“Make this your homepage!” links remind me strongly of the late 1990s, when people thought that the only way to keep you coming back to a site was to force your browser to bring you there, time and time again. Surfing the internet, or logging into AOL, was a big event back in the days before broadband — it usually involved dialing into your ISP, waiting for the modem tones, and then having your computer sloooooowly render some hypertext. “Using the internet” was an event, it was something you thought about doing before you did it, it was something you planned out in advance. Now, the internet is so pervasive that there are no real boundaries anymore — broadband users have always-on connections, email apps checking for messages every 30 seconds, constantly connected IM clients, VoIP phones, browsers running 24 hours a day — so “getting on the internet” is no longer an event. It’s just there, the internet is part of your daily computer life, there’s no “start” or “end” to your surfing because everything is integrated into the web.
Portals did well back in the day because the internet was new & fresh and users needed a guide. The web was like a new country without a documented highway system, you just had to feel your way around and leave breadcrumbs (bookmarks) to find your way back to places you liked. There were no sophisticated content directories, no all-knowing Google, no ways to “stumble upon” cool sites, the only way you were going to find interesting pages was if your friends emailed them to you or they were linked from a site you already visited regularly and that’s where the portals came in. Sites like the old Lycos, Excite, Netscape, AOL, and Yahoo! were the most visited pages on the web because those were the homepages that users trusted to show them the Internet’s sites.
That was back then, now everything is different.
People make friends online — they find them via the internet, connect online, and either make a virtual relationship or a physical one appear that wasn’t there before. Everything is now shared — your friends share content with you: they share photos, movies, music, pictures, blogs, bookmarks, and anything else you can possibly think of. There are thousands of sites dedicated to helping you connect with others and explore new sites you didn’t know about before, and that numbers is growing every day. There are weblogs dedicated to every topic imaginable, and there are massive blog indices and search engines that can find you that content in a snap. Heck, now you can create your own content about anything you want, slap your photos on there, make virtual friends, send your content around to all of them, interact about your topic, and form your own virtual community about whatever interests you. The point is that now there’s no need to have all-knowing guides to the internet, no need for homepage portals to hold your hand while you read new sites, because now that the internet is so pervasive into all our lives we’re submerged in it, with no hand-holding necessary.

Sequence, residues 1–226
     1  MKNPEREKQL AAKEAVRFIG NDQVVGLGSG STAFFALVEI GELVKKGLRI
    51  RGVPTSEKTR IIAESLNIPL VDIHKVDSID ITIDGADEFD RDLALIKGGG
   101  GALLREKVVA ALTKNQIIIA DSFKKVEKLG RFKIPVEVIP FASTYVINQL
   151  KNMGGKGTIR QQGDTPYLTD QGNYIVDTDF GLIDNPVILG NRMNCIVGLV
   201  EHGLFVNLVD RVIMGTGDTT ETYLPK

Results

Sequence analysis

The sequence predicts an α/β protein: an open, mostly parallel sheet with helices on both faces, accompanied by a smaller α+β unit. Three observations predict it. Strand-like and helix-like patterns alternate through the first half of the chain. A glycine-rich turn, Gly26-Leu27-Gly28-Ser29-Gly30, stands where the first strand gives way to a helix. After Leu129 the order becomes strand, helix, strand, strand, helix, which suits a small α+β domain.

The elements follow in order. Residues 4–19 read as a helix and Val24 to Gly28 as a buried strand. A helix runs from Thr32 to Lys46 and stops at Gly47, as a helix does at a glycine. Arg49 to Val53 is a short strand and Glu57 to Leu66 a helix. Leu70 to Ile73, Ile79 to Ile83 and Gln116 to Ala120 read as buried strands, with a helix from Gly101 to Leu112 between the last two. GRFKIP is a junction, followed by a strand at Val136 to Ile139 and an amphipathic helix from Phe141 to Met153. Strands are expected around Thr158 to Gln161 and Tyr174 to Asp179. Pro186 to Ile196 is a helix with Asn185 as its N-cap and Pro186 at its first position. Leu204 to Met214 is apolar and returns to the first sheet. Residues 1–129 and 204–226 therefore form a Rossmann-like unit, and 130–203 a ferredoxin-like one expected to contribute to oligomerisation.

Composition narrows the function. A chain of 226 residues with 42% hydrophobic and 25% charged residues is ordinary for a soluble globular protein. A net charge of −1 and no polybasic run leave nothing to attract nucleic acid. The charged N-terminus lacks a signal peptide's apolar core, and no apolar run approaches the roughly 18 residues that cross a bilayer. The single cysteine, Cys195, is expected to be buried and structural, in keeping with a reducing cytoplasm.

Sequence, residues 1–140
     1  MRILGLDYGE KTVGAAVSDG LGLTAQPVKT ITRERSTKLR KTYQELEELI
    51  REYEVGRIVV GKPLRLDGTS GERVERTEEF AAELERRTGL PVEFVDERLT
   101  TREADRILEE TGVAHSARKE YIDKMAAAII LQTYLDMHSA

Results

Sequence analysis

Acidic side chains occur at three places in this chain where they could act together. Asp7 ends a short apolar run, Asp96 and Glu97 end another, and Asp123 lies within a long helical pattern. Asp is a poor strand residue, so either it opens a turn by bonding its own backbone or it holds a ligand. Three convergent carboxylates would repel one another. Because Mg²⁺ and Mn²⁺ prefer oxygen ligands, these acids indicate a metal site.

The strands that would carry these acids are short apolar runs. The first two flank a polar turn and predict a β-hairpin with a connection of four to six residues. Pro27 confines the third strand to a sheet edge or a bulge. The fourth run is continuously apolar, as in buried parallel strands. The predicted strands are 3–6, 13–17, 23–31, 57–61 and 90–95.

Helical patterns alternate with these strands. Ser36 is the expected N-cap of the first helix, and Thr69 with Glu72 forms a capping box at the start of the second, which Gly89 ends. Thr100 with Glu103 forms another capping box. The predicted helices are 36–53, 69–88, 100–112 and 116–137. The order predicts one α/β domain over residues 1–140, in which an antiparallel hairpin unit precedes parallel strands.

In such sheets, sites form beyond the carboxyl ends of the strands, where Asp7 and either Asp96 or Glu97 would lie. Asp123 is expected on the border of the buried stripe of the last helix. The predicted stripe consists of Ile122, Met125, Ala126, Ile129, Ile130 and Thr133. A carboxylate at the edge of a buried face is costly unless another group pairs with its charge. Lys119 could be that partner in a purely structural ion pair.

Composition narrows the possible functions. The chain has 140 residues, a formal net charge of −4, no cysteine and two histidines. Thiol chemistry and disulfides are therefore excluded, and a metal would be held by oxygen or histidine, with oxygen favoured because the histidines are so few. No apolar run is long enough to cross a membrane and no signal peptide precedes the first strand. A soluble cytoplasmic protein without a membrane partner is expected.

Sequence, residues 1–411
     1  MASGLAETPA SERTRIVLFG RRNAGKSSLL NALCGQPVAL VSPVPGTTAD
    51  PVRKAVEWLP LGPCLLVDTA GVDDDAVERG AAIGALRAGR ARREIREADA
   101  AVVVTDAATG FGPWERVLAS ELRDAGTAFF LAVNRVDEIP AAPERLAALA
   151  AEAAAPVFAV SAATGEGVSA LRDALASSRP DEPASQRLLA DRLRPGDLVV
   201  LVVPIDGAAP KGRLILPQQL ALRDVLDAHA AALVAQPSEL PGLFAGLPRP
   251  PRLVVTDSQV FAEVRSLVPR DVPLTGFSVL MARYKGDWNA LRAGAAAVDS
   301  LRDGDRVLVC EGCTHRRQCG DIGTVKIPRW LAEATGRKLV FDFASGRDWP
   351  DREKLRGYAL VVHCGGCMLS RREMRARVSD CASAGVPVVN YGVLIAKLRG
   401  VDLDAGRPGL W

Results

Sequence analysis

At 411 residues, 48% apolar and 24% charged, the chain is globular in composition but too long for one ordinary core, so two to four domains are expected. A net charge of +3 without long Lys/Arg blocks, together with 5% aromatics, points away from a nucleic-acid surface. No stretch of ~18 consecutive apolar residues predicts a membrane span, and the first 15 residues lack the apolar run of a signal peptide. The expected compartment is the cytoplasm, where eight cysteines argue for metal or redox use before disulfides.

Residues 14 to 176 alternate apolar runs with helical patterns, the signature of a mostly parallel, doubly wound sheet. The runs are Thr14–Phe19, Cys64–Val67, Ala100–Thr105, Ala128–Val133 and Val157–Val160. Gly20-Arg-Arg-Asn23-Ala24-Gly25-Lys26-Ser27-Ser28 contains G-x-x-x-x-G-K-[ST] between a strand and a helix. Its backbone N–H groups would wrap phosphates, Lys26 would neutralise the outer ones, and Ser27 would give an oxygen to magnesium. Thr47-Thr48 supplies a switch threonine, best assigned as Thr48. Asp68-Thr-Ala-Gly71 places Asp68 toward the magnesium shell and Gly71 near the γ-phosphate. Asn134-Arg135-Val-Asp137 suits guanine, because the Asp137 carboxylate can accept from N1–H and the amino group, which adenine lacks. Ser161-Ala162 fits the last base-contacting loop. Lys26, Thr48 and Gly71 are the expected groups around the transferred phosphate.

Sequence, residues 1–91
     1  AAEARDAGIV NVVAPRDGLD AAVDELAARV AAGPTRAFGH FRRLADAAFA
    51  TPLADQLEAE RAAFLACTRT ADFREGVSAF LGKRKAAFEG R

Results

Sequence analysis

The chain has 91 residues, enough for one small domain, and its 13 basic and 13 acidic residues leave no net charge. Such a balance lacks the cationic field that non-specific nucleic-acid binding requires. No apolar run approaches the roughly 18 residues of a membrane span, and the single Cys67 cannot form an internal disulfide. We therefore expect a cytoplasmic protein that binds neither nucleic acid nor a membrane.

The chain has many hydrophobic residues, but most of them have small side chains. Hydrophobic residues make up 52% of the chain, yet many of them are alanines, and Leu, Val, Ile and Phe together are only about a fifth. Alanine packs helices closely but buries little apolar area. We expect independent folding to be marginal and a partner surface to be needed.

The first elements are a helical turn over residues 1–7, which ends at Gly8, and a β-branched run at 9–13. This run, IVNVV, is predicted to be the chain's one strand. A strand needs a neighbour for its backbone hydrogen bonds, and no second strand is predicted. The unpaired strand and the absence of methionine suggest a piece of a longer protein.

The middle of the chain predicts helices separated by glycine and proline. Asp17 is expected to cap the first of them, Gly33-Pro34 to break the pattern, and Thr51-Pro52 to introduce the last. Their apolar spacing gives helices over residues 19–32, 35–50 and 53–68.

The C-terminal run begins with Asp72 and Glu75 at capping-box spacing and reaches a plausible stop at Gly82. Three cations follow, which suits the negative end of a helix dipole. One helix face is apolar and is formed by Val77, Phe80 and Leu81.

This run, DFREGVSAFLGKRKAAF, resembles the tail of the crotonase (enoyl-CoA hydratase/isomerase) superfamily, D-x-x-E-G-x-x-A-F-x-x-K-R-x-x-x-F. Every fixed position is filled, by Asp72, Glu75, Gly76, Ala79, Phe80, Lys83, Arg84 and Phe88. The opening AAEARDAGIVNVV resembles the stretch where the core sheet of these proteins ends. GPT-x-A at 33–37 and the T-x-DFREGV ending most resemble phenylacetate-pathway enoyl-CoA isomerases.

My buddy Richard MacManus wrote a great review of all (or most) of the “new portals” coming out (Netvibes, Protopage, Pageflakes, etc.) These new portals offer the same functionality that the portals of the mid-to-late 1990s offered, but with some new makeup and clothes so they stand out from the crowd a bit, but why? In this new land of shared content, exploratory browsing, virtual communities and such, why are portals still necessary? Do people in the broadband age still load up their browser to a homepage now, or do they load their browser because they clicked on a link in an email or already know what URL they want to go to? In this always-on connected world, is hand-held browsing still necessary?
Provide Value, Get Paid
The basic business model for this new era (or possibly all eras) is to provide value to people who have money, and have them compensate you for this provided value. If you have a subscription-based service where people pay $10/mo to use your product, then you must provide value to them in order for customers to keep paying. If you are running an ad-supported business, then you must provide value to two parties: 1) the users you want on your site, and 2) the advertisers you want purchasing ads. If you cannot provide value to users then they won’t come to your site, and then with no users on your site you can no longer provide any value to the advertisers paying your bills. So with these concepts in mind, how will the new portal homepages make money? They can’t start charging users to use them, because a user will just switch to a free portal homepage, so they must be making money with ads. However, to make money with ads they must provide enough value to the users to keep them coming back, and is that actually happening? If a portal homepage does its job, then a user will be clicking away from the portal within seconds of loading it up, so is that a 1 pageview to 1 unique user ratio? I’m not sure if that’s appetizing to sponsors, but if I were thinking about purchasing ads on a new AJAX homepage than I’d be pretty cautious.